The NATO-Russia-Ukraine crisis is a train wreck that was easily foreseeable and preventable.1 It could have been prevented if the U.S. and the European Union had thoroughly negotiated formal treaties with both the Russian Federation and East European states in the process of formulating and implementing a new system of European security immediately after Soviet collapse. 2 Instead NATO and the EU engaged in an uncoordinated “double enlargement” into former Soviet bloc states without coordinating with each other—nor, even more crucially, with Moscow.
Since 1999, the major powers have been engaged in a renewed partition of eastern Europe that is somewhat comparable to repeated partitions of the Great Polish-Lithuanian Commonwealth that had been chiseled down over time by Prussia/Germany, Austria and Russia/Soviet Union after it had reached the heights of its expansion just before the Thirty Years War.
The key difference between now and then is that the U.S. represents an external power that has not only been backing NATO’s expansion into Eastern Europe since 1999, but also supporting Lithuanian and Polish ties to Ukraine (what Moscow calls the “Baltic Black Sea Alliance”).3 For its part, Moscow has sought to counter both NATO expansion and the Baltic Black Sea alliance by annexing Crimea and backing Ukrainian autonomy movements in the Donbass region and by pressuring NATO members through a major military build-up presently involving more than 100,000 troops deployed in Russia and Belarus. What makes this particular “insecurity-security dialectic” particularly dangerous is the almost total lack of historical American experience in dealing with this tumultuous region. This leads US policy to exacerbate Ukrainian-Russian tensions at the risk of provoking a war that will further polarize global alliances between the US and its allies and the Russia-China Axis.
The Russian and Chinese backlash
After he had warned President Bill Clinton on numerous occasions of a brewing Russian backlash in response to NATO enlargement, it is not accidental that Russian President Boris Yeltsin suddenly resigned from power in January 2000 just a few months after the March-June 1999 NATO air war “over” Kosovo when Vladimir Putin became Acting President.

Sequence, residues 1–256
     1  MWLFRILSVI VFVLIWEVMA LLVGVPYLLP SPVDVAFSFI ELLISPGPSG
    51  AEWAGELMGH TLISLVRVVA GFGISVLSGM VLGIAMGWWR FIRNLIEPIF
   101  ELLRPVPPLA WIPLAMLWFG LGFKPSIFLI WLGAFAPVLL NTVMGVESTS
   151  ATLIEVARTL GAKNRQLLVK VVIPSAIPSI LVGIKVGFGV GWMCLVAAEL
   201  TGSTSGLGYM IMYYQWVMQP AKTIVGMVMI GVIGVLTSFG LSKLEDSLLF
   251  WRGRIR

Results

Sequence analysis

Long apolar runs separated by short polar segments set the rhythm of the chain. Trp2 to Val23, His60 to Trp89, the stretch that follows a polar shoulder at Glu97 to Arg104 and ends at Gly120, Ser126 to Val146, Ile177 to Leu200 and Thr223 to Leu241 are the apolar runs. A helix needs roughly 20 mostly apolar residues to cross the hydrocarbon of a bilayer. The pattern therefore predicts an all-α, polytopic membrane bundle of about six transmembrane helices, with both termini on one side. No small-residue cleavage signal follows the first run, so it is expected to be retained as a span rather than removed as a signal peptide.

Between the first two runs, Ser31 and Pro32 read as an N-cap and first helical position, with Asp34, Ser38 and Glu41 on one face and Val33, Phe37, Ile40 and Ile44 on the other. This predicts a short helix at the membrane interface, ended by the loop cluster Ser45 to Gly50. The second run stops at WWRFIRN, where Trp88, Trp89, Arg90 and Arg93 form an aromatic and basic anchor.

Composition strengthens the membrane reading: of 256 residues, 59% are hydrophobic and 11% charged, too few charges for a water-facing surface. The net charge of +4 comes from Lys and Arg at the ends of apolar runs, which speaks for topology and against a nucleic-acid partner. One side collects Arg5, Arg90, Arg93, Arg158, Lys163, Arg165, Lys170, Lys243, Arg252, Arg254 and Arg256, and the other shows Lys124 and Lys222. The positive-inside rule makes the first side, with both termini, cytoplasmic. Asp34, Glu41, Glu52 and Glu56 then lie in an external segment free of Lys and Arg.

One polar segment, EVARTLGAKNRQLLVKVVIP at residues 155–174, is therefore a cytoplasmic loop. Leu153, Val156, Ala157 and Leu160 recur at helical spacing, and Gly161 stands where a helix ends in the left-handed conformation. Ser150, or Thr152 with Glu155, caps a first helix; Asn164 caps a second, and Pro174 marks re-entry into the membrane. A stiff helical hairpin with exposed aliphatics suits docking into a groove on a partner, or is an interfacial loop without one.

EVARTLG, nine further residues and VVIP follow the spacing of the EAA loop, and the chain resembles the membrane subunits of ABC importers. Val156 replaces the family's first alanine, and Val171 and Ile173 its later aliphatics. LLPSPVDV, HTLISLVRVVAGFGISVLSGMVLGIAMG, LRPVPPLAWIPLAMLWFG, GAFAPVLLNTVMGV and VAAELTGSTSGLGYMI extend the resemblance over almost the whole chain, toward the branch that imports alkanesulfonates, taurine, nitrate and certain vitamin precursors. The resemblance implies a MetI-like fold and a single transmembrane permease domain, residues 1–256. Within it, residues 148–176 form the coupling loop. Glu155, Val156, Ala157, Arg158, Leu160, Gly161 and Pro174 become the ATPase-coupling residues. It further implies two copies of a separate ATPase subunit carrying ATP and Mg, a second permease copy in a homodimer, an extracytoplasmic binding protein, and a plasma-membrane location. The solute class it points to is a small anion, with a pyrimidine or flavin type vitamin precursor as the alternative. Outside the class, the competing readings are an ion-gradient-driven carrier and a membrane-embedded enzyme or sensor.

That war had been fought against Russia’s ally Serbia without a UN Security Council mandate and was thus seen as “illegal” by both Russia and China. From Moscow’s perspective, the air war over Kosovo, that was belatedly dubbed as “exceptional” by NATO, also represented NATO’s first violation of the 1997 NATO-Russia Founding Act that had promised to “build together a lasting and inclusive peace in the Euro-Atlantic area on the principles of democracy and cooperative security.”
Not only did the combo of the Open NATO enlargement and NATO’s war “over” Kosovo against Russia’s ally Serbia provoke a backlash in Moscow, but the war also caused a backlash in China. Beijing has never accepted the excuse that the U.S. “accidentally” bombed the Chinese embassy in Belgrade due to a “mapping error”. Both Moscow and Beijing were additionally alienated by the 2003 U.S.-led war against Iraq that was likewise fought without UN Security Council mandate. In response, both countries continued to boost their high-tech military capabilities against the feared U.S.-led threats to their interests.
The fact that NATO announced at its 2008 Bucharest Summit that both Ukraine and Georgia could eventually join NATO—without Russia’s input—angered Moscow as did the EU announcement that former Soviet bloc states, including Georgia and Ukraine, could establish closer ties to the EU “Eastern Partnership” in 2008-09. This uncoordinated NATO-EU double enlargement then led Moscow to punish Georgia in the 2008 Georgia-Russia war—even if Tbilisi itself had initiated that conflict in South Ossetia. The U.S. recognition of Kosovo independence in February 2008 additionally led Moscow to recognize the independence of South Ossetia and Abkhazia from Georgia in a tit for tat measure.4
The 2014 Euromaidan Revolution in Ukraine led Moscow to fear that Kiev would soon join NATO (and the EU) and force the removal of Russia’s military base leased at Sevastopol. Moscow annexed Crimea, while also engaging in political-military interference in eastern Ukraine. In effect, Russia engaged in acts of preclusive imperialism that were seen by Washington as “illegally” violating the 1994 Budapest accords, among other treaties. Moscow feared that Ukraine’s membership in NATO could permit NATO to more easily back Ukrainian irredentist claims to Russian territory and permit NATO to control the Black Sea from the geostrategic position of Sevastopol against Moscow’s perceived vital interests—including its regional trade and energy routes.
Concurrently, in an effort to circumvent U.S. and European sanctions, in 2014, Moscow tightened its political-economic and energy ties with Beijing by signing a major energy pipeline deal in addition to engaging in yearly joint Sino-Russian military exercises, while tacitly seeking to play Chinese irredentist claims to Taiwan versus Washington and Tokyo. The combination of stronger U.S. support for Taiwan, plus U.S. backing for “democracy” movements inside both Russia and China/Hong Kong, has tended to link Russia and China in a common cause against the U.S. and its Allies. Russian President Putin and Chinese leader Xi appear to have tightened the relations between China and Russia on all levels—from social to economic to defense.
In late 2021, a few months after the first Biden-Putin meeting in Geneva, Moscow began to surround Ukraine with over 100,000 troops in an effort to finally force the U.S. and NATO into a political settlement over Ukraine upon the threat of war, while seeking to augment social and political tensions inside Ukraine in an effort to check the possibility that Kiev might enter NATO or that the Biden administration and the Baltic Black Sea alliance might strengthen their support for Kiev’s goals to regain control over the Donbass and Crimea. Putin hopes that his perceived threats to invade Ukraine—at the risk of a very dangerous war and extremely heavy sanctions—will soon force the U.S., NATO and Europeans to implement a new European Security treaty.